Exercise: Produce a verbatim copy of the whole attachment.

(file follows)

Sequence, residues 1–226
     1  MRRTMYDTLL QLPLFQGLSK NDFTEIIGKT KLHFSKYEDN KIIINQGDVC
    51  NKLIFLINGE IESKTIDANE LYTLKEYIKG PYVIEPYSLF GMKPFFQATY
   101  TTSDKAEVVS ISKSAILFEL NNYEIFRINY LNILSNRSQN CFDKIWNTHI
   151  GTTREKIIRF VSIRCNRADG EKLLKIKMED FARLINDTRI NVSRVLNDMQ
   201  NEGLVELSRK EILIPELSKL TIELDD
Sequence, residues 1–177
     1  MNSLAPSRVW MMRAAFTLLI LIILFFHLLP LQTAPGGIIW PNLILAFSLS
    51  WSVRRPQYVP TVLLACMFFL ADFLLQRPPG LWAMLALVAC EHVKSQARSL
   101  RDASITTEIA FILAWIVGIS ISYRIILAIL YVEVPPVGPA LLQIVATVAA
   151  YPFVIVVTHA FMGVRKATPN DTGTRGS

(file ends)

Sequence, residues 1–226
     1  MRRTMYDTLL QLPLFQGLSK NDFTEIIGKT KLHFSKYEDN KIIINQGDVC
    51  NKLIFLINGE IESKTIDANE LYTLKEYIKG PYVIEPYSLF GMKPFFQATY
   101  TTSDKAEVVS ISKSAILFEL NNYEIFRINY LNILSNRSQN CFDKIWNTHI
   151  GTTREKIIRF VSIRCNRADG EKLLKIKMED FARLINDTRI NVSRVLNDMQ
   201  NEGLVELSRK EILIPELSKL TIELDD
Sequence, residues 1–177
     1  MNSLAPSRVW MMRAAFTLLI LIILFFHLLP LQTAPGGIIW PNLILAFSLS
    51  WSVRRPQYVP TVLLACMFFL ADFLLQRPPG LWAMLALVAC EHVKSQARSL
   101  RDASITTEIA FILAWIVGIS ISYRIILAIL YVEVPPVGPA LLQIVATVAA
   151  YPFVIVVTHA FMGVRKATPN DTGTRGS